• Register callbacks – nids_register_tcp() – nids_register_ip() – nids_register_udp()

• Run! – nids_run()

• React – nids_kill_tcp()


TCP callback TCP stream object: - TCP state - client data - server data - source IP, port - dest IP, port - seq, ack, etc â&#x20AC;Ś

UDP callback

IP callback

UDP packet: - source IP, port - dest IP, port - UDP payload

IP packet - struct IP packet - contains upper layers

libnids TCP states • NIDS_JUST_ESTABLISHED – New TCP connected state (3WHS) – Must set stream-> {client,server}.collect=1 to get stream payload collected

• NIDS_DATA – Data within a known, established TCP connection

• NIDS_RESET, NIDS_CLOSE, NIDS_TIMED_OUT – TCP connection is reset, closed gracefully, or was lost

libnids doesn’t expose SYN_SENT, FIN_WAIT, etc …

Example libnids code: jflow • jflow – Pcap to NetFlow v1 summaries – Daemonizes – Sends to a receiving host over UDP

• Limitations of jflow – Not very lightweight – Inaccurate for some things

<includes> <export record> <ip callback> int main (int argc, char *argv[]) { <getopt handler> <UDP socket connect> nids_init(); nids_register_ip(monitor_ip); nids_run(); return(0); }

ip callback (truncated): void monitor_ip(struct ip *pkt) { struct ip_record rec; int i; rec.rec.srcaddr = (u_int)(pkt->ip_src.s_addr); rec.rec.dstaddr = (u_int)(pkt->ip_dst.s_addr); rec.rec.nexthop = inet_addr(""); rec.rec.dOctets = htonl(pkt->ip_len); rec.rec.pad = 0x0; rec.rec.prot = pkt->ip_p; rec.rec.tos = 0x0; rec.rec.tcp_flags = 0x0; rec.rec.pad_2 = 0x0; rec.rec.pad_3 = 0x0; for (i = 0; i < 4; i++) rec.rec.reserved[i] = 0x0; export_ip_record(&rec); return; }

export record: void export_ip_record(struct ip_record *rec) { time_t now; /* fill out the header */ now = time(NULL); rec->hdr.version = htons(1); rec->hdr.count = htons(1); rec->hdr.SysUptime = htonl(get_uptime()); rec->hdr.unix_secs = htonl(now); rec->hdr.unix_nsecs = 0; /* XXX */ if (write(ctx.u, rec, sizeof(struct ip_record)) < sizeof(struct ip_record)) warn("ip_export_record(): short write()"); else ctx.count += 1; return; }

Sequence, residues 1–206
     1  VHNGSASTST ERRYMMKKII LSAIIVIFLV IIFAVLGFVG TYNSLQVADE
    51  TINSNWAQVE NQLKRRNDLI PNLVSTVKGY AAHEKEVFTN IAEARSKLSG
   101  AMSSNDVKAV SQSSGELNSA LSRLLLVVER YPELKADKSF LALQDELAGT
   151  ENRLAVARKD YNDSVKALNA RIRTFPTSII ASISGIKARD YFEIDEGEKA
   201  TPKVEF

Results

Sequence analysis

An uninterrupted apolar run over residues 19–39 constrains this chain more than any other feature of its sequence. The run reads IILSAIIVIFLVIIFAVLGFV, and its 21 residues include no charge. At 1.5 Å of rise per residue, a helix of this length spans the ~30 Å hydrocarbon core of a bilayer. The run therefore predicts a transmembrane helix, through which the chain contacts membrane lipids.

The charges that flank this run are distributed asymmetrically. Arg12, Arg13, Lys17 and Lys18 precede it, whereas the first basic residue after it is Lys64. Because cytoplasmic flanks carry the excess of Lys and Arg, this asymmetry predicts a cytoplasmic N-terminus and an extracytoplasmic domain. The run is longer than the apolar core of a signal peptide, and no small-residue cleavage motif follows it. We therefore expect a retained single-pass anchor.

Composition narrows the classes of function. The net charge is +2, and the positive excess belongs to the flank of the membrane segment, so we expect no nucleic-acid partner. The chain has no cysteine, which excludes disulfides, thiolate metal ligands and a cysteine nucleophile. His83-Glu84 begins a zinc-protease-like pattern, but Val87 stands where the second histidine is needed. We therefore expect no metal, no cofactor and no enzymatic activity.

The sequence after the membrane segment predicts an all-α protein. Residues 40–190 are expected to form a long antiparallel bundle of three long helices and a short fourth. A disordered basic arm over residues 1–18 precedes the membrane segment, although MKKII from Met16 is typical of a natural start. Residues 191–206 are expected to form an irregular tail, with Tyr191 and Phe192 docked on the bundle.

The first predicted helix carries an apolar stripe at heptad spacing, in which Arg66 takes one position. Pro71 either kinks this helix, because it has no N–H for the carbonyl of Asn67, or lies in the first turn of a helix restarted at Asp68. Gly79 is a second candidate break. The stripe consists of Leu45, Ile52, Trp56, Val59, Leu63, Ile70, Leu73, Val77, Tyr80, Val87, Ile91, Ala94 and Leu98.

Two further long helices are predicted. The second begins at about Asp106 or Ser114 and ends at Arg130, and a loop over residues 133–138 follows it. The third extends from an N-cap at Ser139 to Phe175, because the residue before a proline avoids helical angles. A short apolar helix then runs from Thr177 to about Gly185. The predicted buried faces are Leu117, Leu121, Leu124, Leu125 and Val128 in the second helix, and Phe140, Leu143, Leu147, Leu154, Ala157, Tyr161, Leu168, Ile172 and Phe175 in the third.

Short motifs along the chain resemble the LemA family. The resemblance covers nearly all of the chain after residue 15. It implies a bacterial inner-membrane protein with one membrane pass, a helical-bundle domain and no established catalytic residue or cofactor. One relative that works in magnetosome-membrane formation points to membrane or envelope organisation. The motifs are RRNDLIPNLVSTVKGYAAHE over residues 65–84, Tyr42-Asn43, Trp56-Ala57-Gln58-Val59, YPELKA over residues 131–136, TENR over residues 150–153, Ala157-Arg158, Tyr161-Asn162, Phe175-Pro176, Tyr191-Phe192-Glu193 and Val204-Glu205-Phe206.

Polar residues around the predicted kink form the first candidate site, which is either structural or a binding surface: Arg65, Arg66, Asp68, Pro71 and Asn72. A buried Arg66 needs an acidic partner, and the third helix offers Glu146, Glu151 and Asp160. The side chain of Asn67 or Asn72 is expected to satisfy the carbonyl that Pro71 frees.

jflow output $ sudo tcpdump -lni fxp0 -s1500 -Tcnfp udp port 5000 11:21:50.256833 NetFlow v1, 611.550 uptime, 1095175310.0, started 7209.020, last 536870.912 > >> 6 tos 0, 623 (623 octets) started 1103956.071, last 167772.606 > >> 6 tos 0, 4851 (4851 octets) ... 11:21:58.578965 NetFlow v1, 626.438 uptime, 1095175810.0, started 1893728.316, last 2220884.028 > >> 17 tos 0, 1 (50 octets) (ttl 64, id 8693)

2 recs

1 recs

pynids example: flowgrep • Marries sniffing with regular expressions • A lot like ngrep, tcpkill, and dsniff – Logs the whole connection, not just a packet

• Look for data in streams using regular expressions • Log or kill selected streams • Dirt cheap IDS or IPS – Under 400 lines of code

#! /usr/bin/env python import getopt, os, pwd, re, string, struct, sys, time import nids def main(): global flags, crelist, srelist, logdir usagestr = """%s: TCP/IP payload 'grep' utility””” %sys.argv[0] <getopt stuff> <RE setup> <nids setup> while 1: try: # loop forever except KeyboardInterrupt: break sys.exit(1)

nids setup if len(args) > 0: nids.param("pcap_filter",\ string.join(args)) nids.param("scan_num_hosts", 0) try: nids.init() except nids.error, e: print "initialization error -", e sys.exit(1) <drop privs> nids.register_tcp(handleTcp) nids.register_udp(handleUdp) nids.register_ip(handleIp)

handleUdp def handleUdp(addr, payload, pkt): # format of addr: ((src, sport), (dst, dport)) match = 0 for clientre in crelist: if match = 1 for serverre in srelist: if match = 1 if flags['l']: if match and not flags['v']: logPkt(addr, payload) if not match and flags['v']: logPkt(addr, payload)

Common Mistakes • • • • •

Bytesex: ntohl(), ntohs(), htonl(), htons() Hardcoded values (header lengths) Don’t reschedule an event Pointer problems Not setting stream.*.collect = 1

Performance considerations List 1… 2…. 3…. 4…. …


Loop: 1. open file 2. malloc() 3. parse file

Interrupts Hardware checksumming Memory management

Resources • • • • •{jscan,jflow, jtrace,flowgrep,reroute}

Related • • • • • • •

dscan, dsniff, dpkt scapy libnet pads passivefist ngrep, tcpstream p0f, nemesis, CASL

Additional Resources • Stevens, TCP/IP Illustrated vols 1 and 2 • Schiffman, Building Open Source Network Security Tools • RFCs from the IETF


Recon, 2005 jose nazario &lt;; Raw IP vs socket based networking send capture pcap dnet hijack sniff cross platform C/C++/...


Recon, 2005 jose nazario &lt;; Raw IP vs socket based networking send capture pcap dnet hijack sniff cross platform C/C++/...